Since the first exchange traded funds (ETFs) were listed in North America over two decades ago, ETFs have become one of the most significant financial innovations of all time. ETFs combine the structure of a traditional savings vehicle—the mutual fund—with real-time pricing on stock exchanges, offering many different kinds of investors a powerful tool. The use of ETFs became widespread during the 2000s and has recently accelerated. During the summer of 2015, ETF assets under management worldwide surpassed USD 3 trillion for the first time.
The rising inflows into ETFs are a consequence of the key benefits of this type of fund structure: trans- parency, liquidity and low cost. Most ETFs have the objective of replicating the performance of an index, before fees and costs. This enables investors to buy the market, a market segment or strategy at the click of a button, creating instant exposure to a diversified portfolio of underlying securities.
As tradeable funds, ETFs are listed on exchanges around the world, enabling investors and traders to enter and exit positions at dealing prices set freely by the interaction of other market participants.
The fees for ETFs are often significantly lower than the annual management charges levied by traditional investment vehicles, making them a popular choice in an age of cost-consciousness and low returns.
ETFs have a wide range of uses, from acting as core holdings in long-term savings plans, serving as a useful tool for making tactical asset allocation changes and permitting investors to take short-term views on market movements.
Recent product enhancements have enabled investors to access many markets on an interest rate-hedged or currency-hedged basis via ETFs. Additionally certain ETFs offer exposure to markets on an inverse or leveraged basis, enabling investors to tailor their portfolio risk profiles more effectively.
Our objective in publishing this ten-step guide is to outline the key features of ETFs comprehensively, accurately and in plain language. We explain what ETFs are, how they work, which market segments they cover, how much they cost and how investors can use them to their best advantage.
For those seeking more detailed product information, please refer to the db X-trackers ETF website or speak to one of our specialists. As always, investors should consult an investment or tax advisor.
Step 1 ETFs – a rapidly growing market
Global ETF assets and ETFs’ share of the mutual fund market
During the last decade, the ETF market’s global growth has accelerated, with total ETF assets exceeding USD 500 billion in 2006, USD 1 trillion in 2009, USD 2 trillion in 2013 and USD 3 trillion in 2015. The compound annual growth rate of assets under management in ETFs between 2002 and June 2016 was over 25 percent per annum.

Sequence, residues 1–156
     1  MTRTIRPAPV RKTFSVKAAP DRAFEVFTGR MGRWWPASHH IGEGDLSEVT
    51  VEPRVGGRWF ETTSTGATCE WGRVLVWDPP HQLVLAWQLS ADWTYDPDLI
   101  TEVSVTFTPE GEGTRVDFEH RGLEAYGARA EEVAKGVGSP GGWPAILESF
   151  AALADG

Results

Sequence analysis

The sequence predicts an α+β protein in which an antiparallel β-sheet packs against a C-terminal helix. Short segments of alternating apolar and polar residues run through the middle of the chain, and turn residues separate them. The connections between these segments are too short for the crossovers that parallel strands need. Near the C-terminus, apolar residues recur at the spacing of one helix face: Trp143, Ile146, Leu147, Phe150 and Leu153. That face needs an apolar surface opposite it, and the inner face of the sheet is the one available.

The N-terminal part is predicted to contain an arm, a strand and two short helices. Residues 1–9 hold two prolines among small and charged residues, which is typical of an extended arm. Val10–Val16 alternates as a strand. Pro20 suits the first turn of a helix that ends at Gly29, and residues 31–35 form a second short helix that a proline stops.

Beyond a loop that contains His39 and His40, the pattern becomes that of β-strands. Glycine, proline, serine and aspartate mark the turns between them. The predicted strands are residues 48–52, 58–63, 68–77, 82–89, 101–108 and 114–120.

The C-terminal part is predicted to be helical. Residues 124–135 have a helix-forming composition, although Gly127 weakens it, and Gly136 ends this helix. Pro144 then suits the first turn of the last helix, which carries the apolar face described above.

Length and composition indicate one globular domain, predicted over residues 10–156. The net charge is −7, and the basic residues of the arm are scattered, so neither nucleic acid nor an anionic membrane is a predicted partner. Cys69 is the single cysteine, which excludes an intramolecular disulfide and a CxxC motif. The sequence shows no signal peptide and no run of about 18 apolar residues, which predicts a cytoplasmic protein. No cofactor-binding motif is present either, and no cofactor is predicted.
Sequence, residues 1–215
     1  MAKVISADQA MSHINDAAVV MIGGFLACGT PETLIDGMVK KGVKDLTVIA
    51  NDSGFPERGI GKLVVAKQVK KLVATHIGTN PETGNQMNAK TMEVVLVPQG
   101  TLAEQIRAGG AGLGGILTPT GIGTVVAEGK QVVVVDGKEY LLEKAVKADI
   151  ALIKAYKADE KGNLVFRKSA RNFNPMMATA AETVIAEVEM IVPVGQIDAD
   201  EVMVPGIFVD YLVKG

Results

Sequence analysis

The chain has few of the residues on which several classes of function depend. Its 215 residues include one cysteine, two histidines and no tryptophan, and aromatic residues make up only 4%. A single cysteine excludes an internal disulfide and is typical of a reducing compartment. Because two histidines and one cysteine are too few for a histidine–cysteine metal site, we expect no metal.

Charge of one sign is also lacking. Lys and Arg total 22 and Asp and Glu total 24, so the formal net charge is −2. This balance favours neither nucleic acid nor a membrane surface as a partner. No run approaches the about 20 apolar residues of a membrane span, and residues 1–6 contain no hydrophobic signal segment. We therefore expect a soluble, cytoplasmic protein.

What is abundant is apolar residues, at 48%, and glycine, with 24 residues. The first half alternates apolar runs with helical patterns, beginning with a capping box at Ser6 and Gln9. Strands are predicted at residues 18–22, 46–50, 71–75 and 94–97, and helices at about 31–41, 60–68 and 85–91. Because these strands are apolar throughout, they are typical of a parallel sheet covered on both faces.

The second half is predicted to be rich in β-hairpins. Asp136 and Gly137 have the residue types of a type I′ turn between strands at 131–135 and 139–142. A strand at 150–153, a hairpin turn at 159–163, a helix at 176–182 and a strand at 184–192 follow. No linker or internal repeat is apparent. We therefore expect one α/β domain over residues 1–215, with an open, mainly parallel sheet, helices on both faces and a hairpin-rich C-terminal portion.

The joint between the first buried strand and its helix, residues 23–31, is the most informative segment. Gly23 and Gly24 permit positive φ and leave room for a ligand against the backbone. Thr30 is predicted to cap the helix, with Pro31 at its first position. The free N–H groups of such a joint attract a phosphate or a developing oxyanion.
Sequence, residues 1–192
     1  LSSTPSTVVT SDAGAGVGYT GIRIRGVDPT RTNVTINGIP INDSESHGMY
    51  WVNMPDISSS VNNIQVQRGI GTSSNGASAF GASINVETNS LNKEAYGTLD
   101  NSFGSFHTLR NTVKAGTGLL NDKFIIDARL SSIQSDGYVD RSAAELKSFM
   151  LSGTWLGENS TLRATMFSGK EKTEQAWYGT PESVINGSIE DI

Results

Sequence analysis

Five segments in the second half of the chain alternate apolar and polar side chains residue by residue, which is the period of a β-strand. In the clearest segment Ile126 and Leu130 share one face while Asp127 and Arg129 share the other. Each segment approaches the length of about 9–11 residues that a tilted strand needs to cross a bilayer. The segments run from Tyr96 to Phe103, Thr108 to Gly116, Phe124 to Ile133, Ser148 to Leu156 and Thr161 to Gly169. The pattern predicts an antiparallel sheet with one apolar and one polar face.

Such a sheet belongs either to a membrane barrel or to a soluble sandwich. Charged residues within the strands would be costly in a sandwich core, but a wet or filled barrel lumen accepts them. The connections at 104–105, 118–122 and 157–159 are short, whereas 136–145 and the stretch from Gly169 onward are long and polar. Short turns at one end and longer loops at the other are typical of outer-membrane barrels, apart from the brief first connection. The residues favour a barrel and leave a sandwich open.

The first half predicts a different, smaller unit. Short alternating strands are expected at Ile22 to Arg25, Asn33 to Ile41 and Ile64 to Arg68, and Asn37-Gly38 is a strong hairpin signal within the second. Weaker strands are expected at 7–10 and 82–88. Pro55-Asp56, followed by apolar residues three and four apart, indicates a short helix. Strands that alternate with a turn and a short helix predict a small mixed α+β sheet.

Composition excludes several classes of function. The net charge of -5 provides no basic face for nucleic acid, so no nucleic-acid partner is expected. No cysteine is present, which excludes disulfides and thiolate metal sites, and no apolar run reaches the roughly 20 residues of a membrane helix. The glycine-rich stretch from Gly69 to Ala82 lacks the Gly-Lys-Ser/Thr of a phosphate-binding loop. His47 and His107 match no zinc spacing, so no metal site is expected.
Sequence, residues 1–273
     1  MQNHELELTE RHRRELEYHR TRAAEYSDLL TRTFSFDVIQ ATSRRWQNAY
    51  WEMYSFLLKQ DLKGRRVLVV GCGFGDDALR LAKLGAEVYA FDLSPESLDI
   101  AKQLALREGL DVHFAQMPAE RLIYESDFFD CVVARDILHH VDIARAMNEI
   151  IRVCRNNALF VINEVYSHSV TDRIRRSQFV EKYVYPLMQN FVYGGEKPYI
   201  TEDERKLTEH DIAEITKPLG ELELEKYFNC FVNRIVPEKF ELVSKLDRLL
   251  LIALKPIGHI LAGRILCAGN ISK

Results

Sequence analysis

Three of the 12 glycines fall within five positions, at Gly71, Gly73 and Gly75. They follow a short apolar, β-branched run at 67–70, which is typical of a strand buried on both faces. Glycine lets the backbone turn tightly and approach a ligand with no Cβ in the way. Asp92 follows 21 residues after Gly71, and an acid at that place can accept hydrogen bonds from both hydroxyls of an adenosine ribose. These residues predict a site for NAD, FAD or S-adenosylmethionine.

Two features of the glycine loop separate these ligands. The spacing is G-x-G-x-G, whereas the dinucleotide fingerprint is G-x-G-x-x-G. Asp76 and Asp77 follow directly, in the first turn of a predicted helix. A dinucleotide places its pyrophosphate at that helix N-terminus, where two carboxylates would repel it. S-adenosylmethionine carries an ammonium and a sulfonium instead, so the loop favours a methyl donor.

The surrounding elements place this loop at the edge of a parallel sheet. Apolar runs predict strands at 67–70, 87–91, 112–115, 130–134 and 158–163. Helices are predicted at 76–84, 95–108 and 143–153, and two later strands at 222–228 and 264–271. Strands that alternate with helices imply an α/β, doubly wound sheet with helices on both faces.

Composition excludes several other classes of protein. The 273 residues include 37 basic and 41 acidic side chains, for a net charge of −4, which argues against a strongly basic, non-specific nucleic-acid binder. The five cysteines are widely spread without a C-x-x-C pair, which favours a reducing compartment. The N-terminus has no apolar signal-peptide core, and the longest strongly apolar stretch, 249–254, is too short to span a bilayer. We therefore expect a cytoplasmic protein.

ETFs are a relatively recent innovation. The first ETF, the Toronto Index Participation Fund, was launched in Canada in 1989, followed by the first US ETF, the Standard and Poor‘s Depositary Receipts (SPDRs) on the S&P 500, in 1993. The first Asia-listed ETF, based on the Hong Kong Hang Seng index, followed in 1999, and the first European ETF, tracking the Euro STOXX 50 index, was listed in 2001.
As a result of the steady growth of interest amongst investors, ETFs have gained a steadily larger share of the global mutual fund market. Mutual funds are still the predominant form of collective savings vehicle, and their assets under management worldwide rose from USD 7.9 trillion in 2002 to USD 31.3 trillion at end-20151.
But ETFs’ faster growth rate meant that ETF assets have risen from a 2% share of global mutual fund assets in 2002 to over 9 percent at end-2015. (see Step 2 for a description of the key differences between ETFs and traditional mutual funds)
ETFs by region
ETFs are listed on stock exchanges around the world, enabling investors in different regions to access a variety of asset class exposures. The US is the largest regional ETF market, measured by assets under management, with 1,655 locally listed ETFs and USD 2.2 trillion under management at the end of
June 2016. Europe is the world’s second largest ETF market, with 1,559 ETFs and USD 502 billion under management at the same date. The Asia-Pacific and Japanese ETF markets each have over USD 100 billion in assets, while Canada and Latin America also offer local investors a wide variety of ETF listings.
Global ETP assets by asset class/exposure
The first ETFs were equity market trackers, and equity ETFs remain the most popular form of exchange-traded product (ETP)2, representing 73.6 percent of the global market by assets under management in June 2016.
Fixed income ETFs have recently grown in popularity and totalled 17.9 percent of the global ETP market by assets at the same date. Commodity trackers, active ETFs, inverse (short) and leveraged ETFs and other asset classes (currencies, alternatives) represent the remaining 8.5 percent of the global ETP market.
European ETP assets by asset class/exposure
In Europe, fixed income ETFs have a larger market share, with 25.9 percent of regional ETP assets under management as of June 2016. With 8.3 percent of regional assets, Commodity ETPs also have a larger share of the European market than on a global basis.
Step 02 What are ETFs?
How a collective investment scheme NAV is calculate